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The Beatles: Brian Epstein promised Fab Four one thing when he signed them


Throughout the late 1950s, The Beatles had embarked on two residency slots in Hamburg, Germany. But once they returned to Liverpool, England, they were looking for something a little different. In November 1961, a local record-store owner, Epstein, walked down the stairs of Mathew Street’s Cavern Club and saw four musicians playing a lunchtime set: John Lennon, Paul McCartney, George Harrison and Pete Best.

Epstein, ever the entrepreneur, later recalled: “I immediately liked what I heard. They were fresh, and they were honest, and they had what I thought was a sort of presence … [a] star quality.”

It didn’t take long for him to arrange a meeting with the band where they would discuss their future in business together.

After a few chats over the next month, an agreement was made.

On this day, December 6, in 1961, The Beatles met with Epstein to confirm their terms of business. The manager wanted 25 percent of their gross fees each week. In return, he made them a promise about their wages.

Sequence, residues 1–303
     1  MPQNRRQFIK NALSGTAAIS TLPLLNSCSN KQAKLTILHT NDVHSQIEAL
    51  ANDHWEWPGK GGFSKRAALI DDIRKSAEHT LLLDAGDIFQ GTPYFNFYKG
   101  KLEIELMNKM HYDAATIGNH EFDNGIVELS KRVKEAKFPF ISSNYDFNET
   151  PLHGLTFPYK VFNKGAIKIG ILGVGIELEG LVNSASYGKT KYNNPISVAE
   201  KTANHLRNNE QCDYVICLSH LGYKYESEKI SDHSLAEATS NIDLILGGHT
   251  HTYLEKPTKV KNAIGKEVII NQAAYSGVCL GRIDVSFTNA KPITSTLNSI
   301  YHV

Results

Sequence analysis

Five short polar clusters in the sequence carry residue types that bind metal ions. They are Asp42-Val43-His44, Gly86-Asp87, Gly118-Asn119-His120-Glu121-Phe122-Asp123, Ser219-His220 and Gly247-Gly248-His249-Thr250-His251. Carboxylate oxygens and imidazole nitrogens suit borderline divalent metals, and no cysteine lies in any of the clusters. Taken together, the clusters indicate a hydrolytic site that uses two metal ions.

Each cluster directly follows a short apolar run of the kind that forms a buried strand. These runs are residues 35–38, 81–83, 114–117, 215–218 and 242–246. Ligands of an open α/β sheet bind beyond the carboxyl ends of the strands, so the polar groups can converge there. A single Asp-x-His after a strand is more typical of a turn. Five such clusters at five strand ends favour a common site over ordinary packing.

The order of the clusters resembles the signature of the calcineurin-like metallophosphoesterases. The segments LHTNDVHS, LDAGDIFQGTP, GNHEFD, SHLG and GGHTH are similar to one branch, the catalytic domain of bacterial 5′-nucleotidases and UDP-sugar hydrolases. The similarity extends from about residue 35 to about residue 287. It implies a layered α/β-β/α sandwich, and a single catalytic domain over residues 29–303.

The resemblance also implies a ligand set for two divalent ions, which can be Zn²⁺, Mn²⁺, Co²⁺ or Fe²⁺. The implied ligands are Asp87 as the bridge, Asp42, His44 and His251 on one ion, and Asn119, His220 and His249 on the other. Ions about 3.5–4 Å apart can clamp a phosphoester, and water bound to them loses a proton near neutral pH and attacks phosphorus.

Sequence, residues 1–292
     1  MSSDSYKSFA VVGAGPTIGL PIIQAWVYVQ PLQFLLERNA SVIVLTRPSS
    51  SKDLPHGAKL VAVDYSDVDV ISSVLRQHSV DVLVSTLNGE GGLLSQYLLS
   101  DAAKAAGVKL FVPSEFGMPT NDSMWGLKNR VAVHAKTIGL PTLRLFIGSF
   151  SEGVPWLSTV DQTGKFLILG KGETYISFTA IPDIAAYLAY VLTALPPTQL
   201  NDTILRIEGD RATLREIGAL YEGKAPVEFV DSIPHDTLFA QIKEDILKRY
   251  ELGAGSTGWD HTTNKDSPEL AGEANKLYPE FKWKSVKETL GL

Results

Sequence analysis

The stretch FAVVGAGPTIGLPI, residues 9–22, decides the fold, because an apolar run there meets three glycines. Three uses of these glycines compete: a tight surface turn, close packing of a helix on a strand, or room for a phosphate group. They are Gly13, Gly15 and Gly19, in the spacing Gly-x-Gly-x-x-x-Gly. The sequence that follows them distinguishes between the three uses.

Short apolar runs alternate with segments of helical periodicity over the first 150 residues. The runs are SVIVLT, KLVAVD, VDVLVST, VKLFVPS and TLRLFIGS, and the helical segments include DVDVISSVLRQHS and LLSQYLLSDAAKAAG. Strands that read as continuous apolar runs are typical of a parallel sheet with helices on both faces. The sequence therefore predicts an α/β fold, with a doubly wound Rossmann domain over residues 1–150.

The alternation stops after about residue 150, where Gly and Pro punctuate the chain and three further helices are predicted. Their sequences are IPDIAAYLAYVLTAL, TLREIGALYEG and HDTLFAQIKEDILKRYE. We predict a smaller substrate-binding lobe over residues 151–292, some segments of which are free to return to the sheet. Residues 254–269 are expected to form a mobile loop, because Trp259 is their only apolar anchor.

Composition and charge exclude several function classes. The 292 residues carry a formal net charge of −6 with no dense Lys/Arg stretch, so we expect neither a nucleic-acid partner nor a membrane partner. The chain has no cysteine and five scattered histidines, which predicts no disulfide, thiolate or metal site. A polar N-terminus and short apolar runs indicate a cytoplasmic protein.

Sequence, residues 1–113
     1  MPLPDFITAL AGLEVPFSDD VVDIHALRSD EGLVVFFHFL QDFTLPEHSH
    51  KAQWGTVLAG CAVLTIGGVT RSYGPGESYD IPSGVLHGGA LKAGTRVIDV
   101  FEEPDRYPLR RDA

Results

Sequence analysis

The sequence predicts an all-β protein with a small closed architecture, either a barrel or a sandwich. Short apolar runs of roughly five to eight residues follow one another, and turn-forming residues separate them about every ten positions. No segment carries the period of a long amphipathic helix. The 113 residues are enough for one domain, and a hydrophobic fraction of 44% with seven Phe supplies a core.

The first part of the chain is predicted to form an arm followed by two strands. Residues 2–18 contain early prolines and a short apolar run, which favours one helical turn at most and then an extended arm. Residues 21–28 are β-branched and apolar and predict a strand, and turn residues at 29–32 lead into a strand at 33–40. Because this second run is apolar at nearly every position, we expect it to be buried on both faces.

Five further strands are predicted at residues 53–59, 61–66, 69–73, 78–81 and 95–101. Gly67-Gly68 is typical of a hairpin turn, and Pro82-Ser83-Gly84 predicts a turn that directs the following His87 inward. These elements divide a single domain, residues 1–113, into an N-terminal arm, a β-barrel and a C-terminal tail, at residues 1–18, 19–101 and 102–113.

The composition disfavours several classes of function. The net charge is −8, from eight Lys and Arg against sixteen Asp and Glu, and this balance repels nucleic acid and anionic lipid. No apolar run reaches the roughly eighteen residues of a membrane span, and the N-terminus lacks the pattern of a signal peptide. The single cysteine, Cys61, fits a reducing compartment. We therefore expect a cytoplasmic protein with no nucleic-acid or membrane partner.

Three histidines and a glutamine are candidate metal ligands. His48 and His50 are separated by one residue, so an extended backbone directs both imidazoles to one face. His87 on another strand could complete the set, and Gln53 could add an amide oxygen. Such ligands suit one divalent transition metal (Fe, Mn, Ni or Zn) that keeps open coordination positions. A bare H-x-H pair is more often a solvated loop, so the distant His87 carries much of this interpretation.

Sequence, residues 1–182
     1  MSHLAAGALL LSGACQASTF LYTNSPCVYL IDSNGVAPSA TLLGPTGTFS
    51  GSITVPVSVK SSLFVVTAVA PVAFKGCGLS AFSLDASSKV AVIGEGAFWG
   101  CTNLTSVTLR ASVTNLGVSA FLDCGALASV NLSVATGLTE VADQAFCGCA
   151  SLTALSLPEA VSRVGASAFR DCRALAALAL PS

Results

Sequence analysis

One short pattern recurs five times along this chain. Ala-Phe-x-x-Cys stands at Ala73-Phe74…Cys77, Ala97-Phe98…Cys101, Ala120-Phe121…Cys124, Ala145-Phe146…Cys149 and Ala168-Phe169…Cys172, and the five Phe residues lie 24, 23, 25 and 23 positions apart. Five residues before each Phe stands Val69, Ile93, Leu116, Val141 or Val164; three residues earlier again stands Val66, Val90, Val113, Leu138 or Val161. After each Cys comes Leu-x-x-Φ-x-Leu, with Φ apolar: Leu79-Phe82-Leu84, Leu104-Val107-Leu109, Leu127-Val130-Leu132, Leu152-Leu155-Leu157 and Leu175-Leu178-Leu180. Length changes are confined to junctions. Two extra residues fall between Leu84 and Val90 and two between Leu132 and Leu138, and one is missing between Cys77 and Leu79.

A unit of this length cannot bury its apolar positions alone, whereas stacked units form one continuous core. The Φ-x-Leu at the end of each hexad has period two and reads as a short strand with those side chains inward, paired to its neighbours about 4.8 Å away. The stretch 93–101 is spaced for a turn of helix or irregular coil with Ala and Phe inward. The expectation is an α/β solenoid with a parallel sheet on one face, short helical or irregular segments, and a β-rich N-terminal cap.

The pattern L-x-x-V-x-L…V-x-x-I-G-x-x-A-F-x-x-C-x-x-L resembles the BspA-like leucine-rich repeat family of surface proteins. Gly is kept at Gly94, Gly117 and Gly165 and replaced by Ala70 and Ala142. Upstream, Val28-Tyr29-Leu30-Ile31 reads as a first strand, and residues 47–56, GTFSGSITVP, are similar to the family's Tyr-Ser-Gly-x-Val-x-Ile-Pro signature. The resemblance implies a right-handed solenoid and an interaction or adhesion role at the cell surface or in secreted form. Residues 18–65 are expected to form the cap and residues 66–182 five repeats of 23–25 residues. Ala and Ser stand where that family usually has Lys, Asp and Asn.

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Epstein promised the band he would never let them play music live again for less than £15. Of course, in 1961 £15 was the equivalent to £341 in 2020 (according to the Bank of England). There was one exception to this fixed fee, however. The band would continue playing at the Cavern Club at lunchtime events, but they would be paid £10. This was, however, double what they were originally earning before Epstein got involved.

Just five months later, in June 1962, Epstein introduced The Beatles to George Martin, who began recording the band at EMI Recording Studios (the location would later become Abbey Road Studios).

Martin reportedly immediately complained about drummer Best, suggesting they use a session drummer in his place.

After recruiting Ringo Starr into the band, Epstein really got the band moving commercially.

By November The Beatles had their first TV appearance on People and Places, before some more constructive criticism from their manager.

Epstein, a high-class gentleman, had grown tired of The Beatles’ leather jackets and slicked-back hair.

In place of their looks, he recommended they begin wearing suits and get a new hairstyle. 

He also didn’t like how the band acted on stage. Lennon recalled the manager telling the band: “Look, if you really want to get in these bigger places, you’re going to have to change – stop eating on stage, stop swearing, stop smoking.”

Epstein remained the band’s manager until he died on August 27, 1967, after an accidental drug overdose. 


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